Heaven and Hell

As with many of my experiments this is a tale of two extremes. The Heaven came in the form of David Lebovitz’s Salted Butter Caramel Sauce which was the most divine, eat it straight from the pan, sauce. The Hell came in the form of my use for it. I had wanted to try my hand at chocolate making and specifically wanted to recreate my favourite sweet treat – Liquid Salted Caramels, my inspiration coming from the ones I recently tried from Paul A Young in London. I bought some moulds and a large amount of chocolate and after reading through the advice and instruction from Youngs new book I set out to temper my chocolate and make my chocolates. All appeared fine and I filled the shells with caramel and put these in the fridge. Once the caramel firmed a little I sealed the shells with more tempered chocolate. The disaster came when I tried to get them out of the moulds and well, they just wouldn’t. No matter how hard I tapped, banged and in frustration maybe even slammed, nothing. Annoyingly the end result would have tasted amazing so I will definately try again but not until I have forgotten the mess my kitchen ended up in and the amount of chocolate wasted.

Salted Butter Caramel Sauce

David Lebovitz – “The Sweet Life in Paris”

2 cups (400g) Sugar

1 2/3 cups (400ml) Heavy Cream

2 Tblsp (30g) Salted Butter

1/4 Tsp Fleur de Sel or Coarse Salt

1. Spread the sugar in an even layer in a large metal Dutch oven or casserole. Set over medium heat and cook without stirring, until the sugar around the edges just starts to liquefy.

2. Using a wooden spoon or heatproof spatula, begin gently stirring the melted sugar bringing the melted from the edges to the centre. The sugar will start to look pebbly as it cooks, but keep going; it will melt fully as it turns amber.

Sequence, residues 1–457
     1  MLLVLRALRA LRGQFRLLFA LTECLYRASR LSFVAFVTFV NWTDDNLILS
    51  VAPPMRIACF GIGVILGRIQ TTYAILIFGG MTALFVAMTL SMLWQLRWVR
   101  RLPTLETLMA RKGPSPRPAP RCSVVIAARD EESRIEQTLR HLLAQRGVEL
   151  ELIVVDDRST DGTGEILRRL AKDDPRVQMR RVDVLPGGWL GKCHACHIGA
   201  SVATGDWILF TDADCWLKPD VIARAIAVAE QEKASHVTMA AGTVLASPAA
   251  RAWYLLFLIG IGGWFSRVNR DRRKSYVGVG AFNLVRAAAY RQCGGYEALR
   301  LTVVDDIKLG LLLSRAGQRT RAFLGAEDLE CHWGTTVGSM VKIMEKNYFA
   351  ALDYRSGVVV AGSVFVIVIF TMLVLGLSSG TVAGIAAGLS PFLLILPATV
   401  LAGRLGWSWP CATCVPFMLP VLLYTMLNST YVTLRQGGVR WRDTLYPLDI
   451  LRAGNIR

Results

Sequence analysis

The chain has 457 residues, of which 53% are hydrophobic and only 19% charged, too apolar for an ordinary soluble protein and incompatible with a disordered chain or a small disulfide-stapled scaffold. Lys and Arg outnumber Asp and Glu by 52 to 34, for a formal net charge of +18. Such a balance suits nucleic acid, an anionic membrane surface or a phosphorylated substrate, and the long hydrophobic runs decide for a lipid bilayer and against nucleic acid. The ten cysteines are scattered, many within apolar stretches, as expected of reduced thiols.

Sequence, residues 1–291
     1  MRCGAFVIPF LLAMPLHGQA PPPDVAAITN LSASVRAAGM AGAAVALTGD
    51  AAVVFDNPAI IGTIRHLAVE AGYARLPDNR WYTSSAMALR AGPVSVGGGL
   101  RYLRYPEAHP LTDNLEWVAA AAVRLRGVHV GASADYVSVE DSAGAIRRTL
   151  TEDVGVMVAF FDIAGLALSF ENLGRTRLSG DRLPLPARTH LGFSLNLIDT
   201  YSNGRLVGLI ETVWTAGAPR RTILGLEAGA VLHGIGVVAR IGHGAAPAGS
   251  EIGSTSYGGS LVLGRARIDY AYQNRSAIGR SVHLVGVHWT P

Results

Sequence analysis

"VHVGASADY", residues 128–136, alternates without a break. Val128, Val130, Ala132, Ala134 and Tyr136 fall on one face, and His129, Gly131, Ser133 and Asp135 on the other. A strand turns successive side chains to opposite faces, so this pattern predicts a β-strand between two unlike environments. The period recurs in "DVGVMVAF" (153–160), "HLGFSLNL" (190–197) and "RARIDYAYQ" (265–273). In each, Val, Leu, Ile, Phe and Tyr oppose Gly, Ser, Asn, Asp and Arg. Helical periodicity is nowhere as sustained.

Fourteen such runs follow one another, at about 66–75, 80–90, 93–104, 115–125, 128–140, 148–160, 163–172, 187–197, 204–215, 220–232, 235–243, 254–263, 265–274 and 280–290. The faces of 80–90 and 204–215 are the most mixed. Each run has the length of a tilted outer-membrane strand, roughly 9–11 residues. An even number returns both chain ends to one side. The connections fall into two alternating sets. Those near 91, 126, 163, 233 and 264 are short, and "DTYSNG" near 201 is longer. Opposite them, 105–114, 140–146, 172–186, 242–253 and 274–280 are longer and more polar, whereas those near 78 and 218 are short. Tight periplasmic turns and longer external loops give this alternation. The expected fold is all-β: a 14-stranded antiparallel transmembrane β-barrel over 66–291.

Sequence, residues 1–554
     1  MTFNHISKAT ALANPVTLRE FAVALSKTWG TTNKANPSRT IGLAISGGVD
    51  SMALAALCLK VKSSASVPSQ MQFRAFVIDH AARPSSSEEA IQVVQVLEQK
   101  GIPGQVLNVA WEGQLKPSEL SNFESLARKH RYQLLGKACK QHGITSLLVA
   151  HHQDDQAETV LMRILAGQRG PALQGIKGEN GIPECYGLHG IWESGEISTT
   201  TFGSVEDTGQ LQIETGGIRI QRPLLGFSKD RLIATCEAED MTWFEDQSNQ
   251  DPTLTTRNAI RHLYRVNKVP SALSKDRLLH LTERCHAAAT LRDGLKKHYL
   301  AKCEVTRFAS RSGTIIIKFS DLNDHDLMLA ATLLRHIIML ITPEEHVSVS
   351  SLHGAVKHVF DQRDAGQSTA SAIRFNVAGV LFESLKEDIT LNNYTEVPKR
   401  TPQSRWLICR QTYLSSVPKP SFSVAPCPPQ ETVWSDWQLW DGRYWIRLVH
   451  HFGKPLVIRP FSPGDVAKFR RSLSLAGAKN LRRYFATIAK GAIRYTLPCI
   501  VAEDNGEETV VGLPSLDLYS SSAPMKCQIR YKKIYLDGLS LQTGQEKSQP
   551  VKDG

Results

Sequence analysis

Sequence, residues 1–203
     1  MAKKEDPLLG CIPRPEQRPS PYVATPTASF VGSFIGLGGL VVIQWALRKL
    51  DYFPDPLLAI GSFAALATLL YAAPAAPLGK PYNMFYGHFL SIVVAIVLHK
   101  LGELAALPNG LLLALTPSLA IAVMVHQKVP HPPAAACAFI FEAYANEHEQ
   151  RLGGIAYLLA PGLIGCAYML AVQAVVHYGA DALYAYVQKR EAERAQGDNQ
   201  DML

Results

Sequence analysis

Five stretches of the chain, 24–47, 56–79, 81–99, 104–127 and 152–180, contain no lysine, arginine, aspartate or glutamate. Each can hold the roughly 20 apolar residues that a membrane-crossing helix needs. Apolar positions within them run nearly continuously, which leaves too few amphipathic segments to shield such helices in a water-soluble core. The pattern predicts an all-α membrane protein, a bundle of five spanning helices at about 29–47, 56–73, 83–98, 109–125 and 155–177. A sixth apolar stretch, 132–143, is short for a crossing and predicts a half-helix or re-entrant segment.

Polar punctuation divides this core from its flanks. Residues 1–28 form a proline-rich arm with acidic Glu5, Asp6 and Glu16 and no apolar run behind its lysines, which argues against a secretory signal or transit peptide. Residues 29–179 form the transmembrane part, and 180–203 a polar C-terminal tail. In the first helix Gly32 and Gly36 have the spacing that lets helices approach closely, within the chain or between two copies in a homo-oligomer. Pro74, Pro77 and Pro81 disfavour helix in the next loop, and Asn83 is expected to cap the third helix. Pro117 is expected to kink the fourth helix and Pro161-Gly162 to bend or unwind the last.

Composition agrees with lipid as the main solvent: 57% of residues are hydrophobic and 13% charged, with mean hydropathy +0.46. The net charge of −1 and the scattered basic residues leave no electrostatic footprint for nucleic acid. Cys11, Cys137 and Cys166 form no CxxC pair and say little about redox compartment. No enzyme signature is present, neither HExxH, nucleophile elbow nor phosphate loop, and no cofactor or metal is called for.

3. Continue to cook until the sugar turns deep brown and just starts to smoke. The darker you can cook the sugar without it burning, the better the final sauce will be. Its ready when its the colour of a well worn penny (cent, centime etc), and will smell a bit smoky.

4. Remove from the heat and quickly stir in about a quarter of the cream. The mixture will bubble up furiously so wear oven gloves if your concerned. Continue to whisk in the rest of the cream, stirring continuously to make sure the sauce is smooth. Stir in the butter and salt. Serve warm. If you want a thinner or less rich sauce add 1/4 cup water water.

Note: The sauce can me made up to a month ahead of time and kept in the fridge. To serve warm just rewarm in a small saucepan over low heat or in a microwave.

This is the sauce I used to make the chocolates. When warm or room temperature the sauce is liquid but when cooled it firms up enough that I thought it would be okay to use.

Tempering the chocolate gives the chocolate its crisp shiny and smooth texture. If you just melted the chocolate it would be dull and softer and wont have that shop bought look or taste. Tempering is the process that creates melted chocolate with the right type of crystals so that is has the proper attributes, well thats the theory anyway.

Break 600g  of dark chocolate into small even sized pieces and put two-thirds into a bowl. Fill a saucepan with enough water to reach just below the bowl when placed on top of the pan. Put the pan over medium heat and allow the water to heat up. Melt the chocolate slowly (Paul advises this should take at least an hour). Doing it slowly is so as to keep the chocolate’s temperature at 55C/131F. Once fully melted remove the bowl and place on a towel.